Venture Capitalism and Innovation in Development and Health - new business models required

The last few days I have been wondering what impact a venture capital fund specifically dedicated to development and health issues could have on pressing global issues such as malnourishment, HIV/AIDS or malaria. It might seem like a crazy idea since today's development & health is still mainly dominated by charitable approaches characterized by giving. However, social entrepreneurship characterized by the appliation of business techniques and principles is on the rise.

I discussed this idea of a development & health venture fund first on a Chiang Mai rooftop bar with Tim France, a friend who has built up a successful global NGO working on HIV/AIDS. We asked ourselves things like why there is still so little innovation in the development & health field despite decades of meager results, or why management capacities in this area or comparatively weak, or why nobody has taken on disrupting this multi-billion dollar industry or why there haven't been any mergers & acquisitions in this field.

Business Model Innovation in Development & Health

The reason why I find the idea of a venture capital fund interesting is because it could bring fresh live to an otherwise rusting industry. New, promising, but risky approaches with potentially huge impacts have to be tried out to disrupt this field that is experiencing a fatigue of decades of large amounts of almost sisyphus-like work. So let me oppose the traditional donor-funding approach to a complementary venture funding approach:

Characteristics of donor-funding in relationship to development & health projects:

* risk averse: failure is inacceptable
* as a consequence little innovation: funding of traditional approaches
* project oriented with start and end date
* fragmented
* relatively large administrative overhead
* limited support to management
* donors often drive/own the project process

Characteristics of venture funds in relationship to entrepreneurs & startu-ups

* entrepreneur-driven
* a strong (financial) interest of the VC to see a project succeed
* risk oriented: acceptance of x failures for 1 huge success
* innovation oriented
* growth oriented
* return oriented
* extensive help and management support
* sharing of VC's partner networks
* clear exit strategies

Clearly the former follows the model of providing subsidies while the latter follows the investment model. Of course the real world is not so black and white and we find the investment model also applied in the health and development field. However, I am not aware of any venture fund style investment model applied to this area. Yet, such a fund could be a very powerful complementary tool that could boost impact in the development field by fostering new and innovative approaches. Nowadays these approaches have virtually no chance to find funding.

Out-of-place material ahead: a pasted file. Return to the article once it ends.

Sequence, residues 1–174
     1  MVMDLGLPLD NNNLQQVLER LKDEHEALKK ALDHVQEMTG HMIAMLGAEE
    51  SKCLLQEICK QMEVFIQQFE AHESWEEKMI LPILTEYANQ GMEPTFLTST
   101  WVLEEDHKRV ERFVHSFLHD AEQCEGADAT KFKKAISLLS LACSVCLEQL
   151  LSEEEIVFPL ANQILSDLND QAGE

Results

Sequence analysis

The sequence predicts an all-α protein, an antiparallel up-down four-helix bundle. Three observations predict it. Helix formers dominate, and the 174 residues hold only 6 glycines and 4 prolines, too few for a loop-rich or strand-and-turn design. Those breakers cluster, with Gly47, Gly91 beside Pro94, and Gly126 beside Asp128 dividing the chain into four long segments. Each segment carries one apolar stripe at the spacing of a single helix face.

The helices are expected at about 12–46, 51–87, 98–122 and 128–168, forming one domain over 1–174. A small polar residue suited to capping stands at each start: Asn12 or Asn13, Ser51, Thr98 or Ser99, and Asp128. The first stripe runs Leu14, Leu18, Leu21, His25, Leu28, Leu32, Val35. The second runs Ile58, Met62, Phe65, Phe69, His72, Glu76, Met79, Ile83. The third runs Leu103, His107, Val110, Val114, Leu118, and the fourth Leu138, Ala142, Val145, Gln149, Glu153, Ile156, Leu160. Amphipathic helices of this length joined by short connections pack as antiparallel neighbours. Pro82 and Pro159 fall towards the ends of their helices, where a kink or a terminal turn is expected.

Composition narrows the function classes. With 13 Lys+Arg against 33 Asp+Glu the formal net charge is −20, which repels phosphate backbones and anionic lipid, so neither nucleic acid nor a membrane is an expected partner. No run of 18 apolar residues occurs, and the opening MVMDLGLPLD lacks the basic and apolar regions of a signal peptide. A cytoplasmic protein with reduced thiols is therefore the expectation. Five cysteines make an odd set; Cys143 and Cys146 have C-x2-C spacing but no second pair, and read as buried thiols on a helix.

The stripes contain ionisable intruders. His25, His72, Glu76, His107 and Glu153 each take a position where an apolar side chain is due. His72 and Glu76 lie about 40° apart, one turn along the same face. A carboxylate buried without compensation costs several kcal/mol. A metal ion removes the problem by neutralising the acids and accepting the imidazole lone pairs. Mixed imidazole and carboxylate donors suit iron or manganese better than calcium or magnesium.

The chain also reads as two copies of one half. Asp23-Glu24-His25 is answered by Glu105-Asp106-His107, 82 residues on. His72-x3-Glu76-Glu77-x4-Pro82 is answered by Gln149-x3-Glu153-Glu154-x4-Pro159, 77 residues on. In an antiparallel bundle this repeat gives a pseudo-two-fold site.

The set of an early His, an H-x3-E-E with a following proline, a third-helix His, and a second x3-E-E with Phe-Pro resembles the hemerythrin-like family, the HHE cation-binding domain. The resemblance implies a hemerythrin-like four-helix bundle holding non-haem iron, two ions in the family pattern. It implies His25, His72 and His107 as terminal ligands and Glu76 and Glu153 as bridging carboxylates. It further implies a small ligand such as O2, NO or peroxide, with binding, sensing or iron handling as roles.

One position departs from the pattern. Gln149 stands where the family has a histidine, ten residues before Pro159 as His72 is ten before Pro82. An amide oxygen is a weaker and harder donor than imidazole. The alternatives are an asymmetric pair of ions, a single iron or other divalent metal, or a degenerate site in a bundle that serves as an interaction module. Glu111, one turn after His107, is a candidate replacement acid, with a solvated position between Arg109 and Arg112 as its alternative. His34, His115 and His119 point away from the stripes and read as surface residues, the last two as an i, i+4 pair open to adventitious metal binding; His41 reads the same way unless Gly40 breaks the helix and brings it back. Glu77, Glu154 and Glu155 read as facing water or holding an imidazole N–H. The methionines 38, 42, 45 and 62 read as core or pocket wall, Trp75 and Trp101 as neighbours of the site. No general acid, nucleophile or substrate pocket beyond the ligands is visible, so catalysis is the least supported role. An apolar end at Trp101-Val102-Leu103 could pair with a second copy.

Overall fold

Imaginary case:

Let us imagine an imaginary fund to boost impact in the development and health field: Richard Branson sets up a Global Health & Development Venture Fund worth USD 20 million. The fund would globally screen new and innovative business models that could potentially make a huge difference regarding some of the world's most pressing global issues (e.g. based on the Copenhagen Consensus). Selection criteria would be:

a) potential impact on a selection of global issues
b) potential financial sustainability & growth

Then the fund would invest USD 1 million in 20 start-ups. It would actively coach these ventures and provide them with management support as well as access to valuable partner networks. Because of the risky nature of the innovative ventures many of them will probably fail - yet, while having done good.

But failure is OK for venture capital funds if on the other hand they can get some of their ventures to grow exponentially. Let's say the goal of the fund would be to have 4 of the start-ups succeed while 16 fail. The 4 successful ones would have to show an impressive track record of growth, impact and financial substainability to really proclaim that the venture approach works - particularly if the other 16 have had little impact on development and health issues. But since the fund has invested in 20 risky and innovative high potential projects there is a big chance that some will make a real difference...

So does anybody out there have USD 20 million to give me in order to make a difference in the world?